Government of Djibouti integrates refugees into national education system

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“Laying a foundation for the future”

Refugee students in Djibouti will from now on be integrated into the national education system. This was celebrated in a ceremony on Sunday, 10 September 2017 in the Ali Addeh refugee camp, when the Government of Djibouti officially welcomed refugee children into the national education system. The new curriculum starts for grade 1 students this year. The following grades will be introduced during the coming years.

The Ali Addeh and Hol Hol refugee camps were established in 1992. They are home to about 23,000 refugees who are predominantly from Somalia, Ethiopia and Eritrea.

Curriculum based on Kenyan system

At first, children were taught without a structured curriculum. When ACT member The Lutheran World Federation took over education services in 2009, it developed a structured Kenyan primary school curriculum in English, adapted to the refugees’ contexts in Djibouti. At that time the Djibouti national French language curriculum was not available to refugees.

This curriculum was not officially recognized by the Government and for that reason, exams and grades could not be certified. During the past year, education officials in the Djibouti Government, together with the Governments of Japan and the United States, UNHCR, UNICEF and LWF have developed an English language education curriculum that is certified by the government and available for citizens as well as refugees in Djibouti.

Right and Responsibility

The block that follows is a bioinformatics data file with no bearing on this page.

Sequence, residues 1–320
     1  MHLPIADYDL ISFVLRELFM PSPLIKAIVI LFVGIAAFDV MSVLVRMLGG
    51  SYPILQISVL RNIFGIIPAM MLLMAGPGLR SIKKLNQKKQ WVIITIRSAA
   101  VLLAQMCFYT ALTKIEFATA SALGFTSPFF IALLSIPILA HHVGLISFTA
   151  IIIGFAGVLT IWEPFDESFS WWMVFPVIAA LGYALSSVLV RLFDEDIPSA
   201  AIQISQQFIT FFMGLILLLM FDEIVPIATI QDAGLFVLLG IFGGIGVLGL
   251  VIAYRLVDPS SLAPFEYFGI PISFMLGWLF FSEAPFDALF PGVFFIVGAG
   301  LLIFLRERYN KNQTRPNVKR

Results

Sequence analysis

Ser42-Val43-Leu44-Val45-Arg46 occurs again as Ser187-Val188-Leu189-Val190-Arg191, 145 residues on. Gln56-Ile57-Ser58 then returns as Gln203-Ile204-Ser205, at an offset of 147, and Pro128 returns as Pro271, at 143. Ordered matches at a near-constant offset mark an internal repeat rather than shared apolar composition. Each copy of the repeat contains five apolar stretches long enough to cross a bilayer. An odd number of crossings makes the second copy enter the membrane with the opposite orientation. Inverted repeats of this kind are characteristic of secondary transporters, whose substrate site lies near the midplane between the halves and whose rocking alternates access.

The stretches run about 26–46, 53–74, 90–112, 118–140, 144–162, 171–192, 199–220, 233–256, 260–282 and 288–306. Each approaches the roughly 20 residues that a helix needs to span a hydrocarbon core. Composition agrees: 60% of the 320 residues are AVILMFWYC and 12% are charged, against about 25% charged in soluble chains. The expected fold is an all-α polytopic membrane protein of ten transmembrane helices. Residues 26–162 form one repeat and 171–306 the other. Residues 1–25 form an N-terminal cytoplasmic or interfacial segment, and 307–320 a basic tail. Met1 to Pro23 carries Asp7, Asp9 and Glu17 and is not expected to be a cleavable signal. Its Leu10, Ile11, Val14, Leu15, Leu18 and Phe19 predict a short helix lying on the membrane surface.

The ceremony at Wadajir Primary School in Ali Addeh camp marked the successful conclusion of this process.

“The right to education is also the responsibility to educate,” Lennart Hernander, LWF Representative in Kenya and Djibouti, said. “I applaud the ministry for taking such a major step. It is a happy moment after eight years of LWF work in education in Djibouti.”

“This is only the beginning,” an Eritrean community leader said. “But we are laying a foundation for the future.”

UNHCR’s Acting Representative, Mr. Albert Katumba appreciated the Head of State, Government and the Ministry of Education for their commitment to refugee education. He also acknowledged the Ministry’s openness to collaborate with UNHCR and partners in defining the next steps.

Government commitment to quality education

The Minister for Education and Vocational Training in Djibouti, His Exellency Moustapha Mohamed Mahamoud, emphasized that he was visiting a refugee camp for the first time, to assure the government’s commitment to quality education for all children living in Djibouti. He told the children in the camp that “they were at home” and assured them of his ministry’s commitment to enabling them to pursue their dreams. He was accompanied by representatives from the Office National d’Assistance aux Réfugié et Sinistré (ONARS).

The minister also acknowledged LWF for “a job well done in filling the gap in education and being there for the children”. The ministry will work together with LWF during the transition period. “This is also an opportunity for LWF to continue working together with the Ministry for the education of refugees,” LWF Representative Hernander said.

The Prefet of Ali-Sabieh stated that efforts to integrate refugee education with the national education system marked yet another step of the Djibouti Government’s commitment to upholding human rights. “I believe that offering refugees a certified curriculum and commitment to quality education will protect the children.”

Dream of the future

Addressing the young students in the audience, UNICEF representative, Ms Djanabou Mahonde, said “Through this certified curriculum, each one of you can now dream of being in any career you choose.”

Mr. Hermes Grullon, Political Officer at the US Embassy in Djibouti acknowledged the team effort on achieving this milestone. He called upon the children and youth “to take their future into their own hands” and encouraged parents to send their children to school – both boys and girls.

LWF implements primary education in the refugee camps in Djibouti with significant support from ECHO, UNHCR, UNICEF, Church of Sweden and the Australian Lutheran World Service. Previously, FinnChurch Aid and Diakonie Katastrophenhilfe have also supported LWF education work.

By Cornelia Kästner, LWF communications

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